Jumbo Surges, But Its Future Is Still Unclear

Jumbo market is growing thanks to companies like Redwood. © SyuuuuN - Fotolia.com

Even though it still has some regulatory hurdles to clear, interest in jumbo lending has bumped up a notch.
“The market is more competitive,” said Tom Wind, executive vice president, home lending, at national lender EverBank. He said there has been “strong” origination of jumbos, which the bank considers one of its “core” products, in the company’s correspondent and retail channels.
Lenders funded almost $32 billion worth of residential jumbo loans in the second quarter, according to data released by ON and its Quarterly Data Report affiliate last month. During the same quarter a year ago, they were just under $18 billion.
And recently a securitizer that has been poised for some time to participate in the secondary market for the product had officially filed a shelf registration to issue jumbo securities.
Shellpoint Partners, which has ties to mortgage-backed securities market pioneer Lew Ranieri, filed the nonagency MBS shelf registration. The company said would be used at least initially to only securitize jumbos originated by its New Penn Financial unit, which originates through multiple loan channels, including wholesale and correspondent.
Since the downturn, the nonbank secondary market for securitized jumbos has been largely limited to a single consistent player, Sequoia/Redwood, a real estate investment trust.
Jumbo has been “almost dormant,” with some companies even pulling back from it, said John Walsh, president of nonbank Total Mortgage Services, a Connecticut-based lender licensed in 27 states. But now, he said, “We’re starting to see some traction there.”
Walsh said that consumer demand has picked up and jumbo rates have gotten much closer to conforming rates.
“The product has opened up,” said Amy Tierce, a branch manager and regional vice president in the metropolitan Boston area, in a separate interview.
Tierce said the secondary market for the product, a key one for the high-cost area her branch serves, had seen a “pretty pronounced shutdown,” but has improved recently.
She said while the New England decline started earlier in the cycle than some other markets and as a result its recovery may be occurring relatively sooner, she says that based on what she hears, she believes markets are “more positive across the country.”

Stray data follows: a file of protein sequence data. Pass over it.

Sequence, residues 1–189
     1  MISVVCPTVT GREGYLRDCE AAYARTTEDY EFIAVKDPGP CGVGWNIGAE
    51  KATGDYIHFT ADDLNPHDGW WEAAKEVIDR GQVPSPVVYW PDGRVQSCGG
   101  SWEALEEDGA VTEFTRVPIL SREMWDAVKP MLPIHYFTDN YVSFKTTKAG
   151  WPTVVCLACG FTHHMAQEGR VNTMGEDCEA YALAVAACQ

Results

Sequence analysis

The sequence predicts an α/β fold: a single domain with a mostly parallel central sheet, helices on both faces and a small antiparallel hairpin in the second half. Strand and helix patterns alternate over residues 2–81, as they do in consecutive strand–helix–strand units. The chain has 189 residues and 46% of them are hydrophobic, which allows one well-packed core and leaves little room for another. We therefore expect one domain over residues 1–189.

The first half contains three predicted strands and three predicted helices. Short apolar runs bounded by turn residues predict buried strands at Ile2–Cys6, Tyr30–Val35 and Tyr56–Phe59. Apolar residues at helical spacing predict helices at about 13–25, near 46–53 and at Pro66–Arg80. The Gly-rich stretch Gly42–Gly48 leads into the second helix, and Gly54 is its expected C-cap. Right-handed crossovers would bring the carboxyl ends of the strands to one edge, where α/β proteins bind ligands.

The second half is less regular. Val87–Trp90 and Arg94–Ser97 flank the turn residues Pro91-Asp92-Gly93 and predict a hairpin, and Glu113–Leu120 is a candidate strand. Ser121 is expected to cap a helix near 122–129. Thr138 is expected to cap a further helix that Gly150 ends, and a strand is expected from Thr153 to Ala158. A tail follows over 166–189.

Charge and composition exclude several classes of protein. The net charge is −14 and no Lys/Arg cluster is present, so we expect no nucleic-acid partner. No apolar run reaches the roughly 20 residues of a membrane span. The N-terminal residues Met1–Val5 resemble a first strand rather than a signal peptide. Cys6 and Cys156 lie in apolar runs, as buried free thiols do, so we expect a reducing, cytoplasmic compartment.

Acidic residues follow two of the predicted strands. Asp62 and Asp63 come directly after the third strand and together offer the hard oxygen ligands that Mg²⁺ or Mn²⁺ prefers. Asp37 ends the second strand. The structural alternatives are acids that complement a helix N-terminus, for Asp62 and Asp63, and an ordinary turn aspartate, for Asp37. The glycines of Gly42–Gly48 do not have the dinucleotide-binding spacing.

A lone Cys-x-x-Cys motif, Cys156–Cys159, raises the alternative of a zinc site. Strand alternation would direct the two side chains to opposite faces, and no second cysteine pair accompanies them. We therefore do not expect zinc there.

Tierce said recently some local/regional lenders have shown some more interest in the product, something Walsh said he also has seen. She said national lenders also have been more competitive.
When asked about potential regulatory hurdles that could affect the market as new rules take shape, Walsh acknowledged that there is “certainly some uncertainty” there.
“There are certainly some things that can upset the market,” he said.
Asked about how pending rules might affect the jumbo market in a separate interview, Wind said, “regulation’s always a concern for the business overall.
“There is always the risk that the way 'qualified mortgage’ or 'qualified residential mortgage’ is defined could limit options,” he added. “We would like to think the right things are going to happen, but it is still uncertainty, and we need to get some definition there.”
In the mean time, Tierce finds “underwriting still remains pretty rigid” in the jumbo sector. Meeting the qualifications for jumbos, particularly the strict 80% loan-to-value ratio requirement, can be a challenge, but “we’re getting them done,” she said.
Mortgage insurers are willing to provide coverage that allows for the 90% loan-to-value ratios, but executives said as of the time they were respectively interviewed they had not seen it widely used in the market. Origination of 90 LTV jumbos with MI “has not happened to date in any kind of broad way,” said Wind.
“I would love to see lenders lose their fears about doing 90s with mortgage insurance,” Tierce said.
But Wind said he feels underwriting guidelines are likely to remain consistent unless there is a change in market conditions that truly warrants it, something his company is constantly evaluating.
“The new reality is it is a higher credit standard than existed before,” he said.
One way that banks that can portfolio the product may be more flexible than conduits, which typically look for more standardized loans conducive to securitization, is loan size, added Wind, when asked about his company’s loan amounts. He said these generally are fairly standard, but that his company does allow for higher sizes when borrowers have the income and assets to qualify.
Ultimately, whether the recent surge in jumbo truly marks the long-awaited reopening of this market remains to be seen.
New entrants the apparent rebound draws could face operational challenges, said Henry Santos, senior executive, at Accenture Credit Services.
Santos said it may be tough to find the senior underwriting talent needed to analyze the borrowers in this market. Another challenge may lie in the need to adapt or obtain the automation and capacity needed to process these particular loans in line with market demand. He said there could be some possible outsourcing and fulfillment demand as a result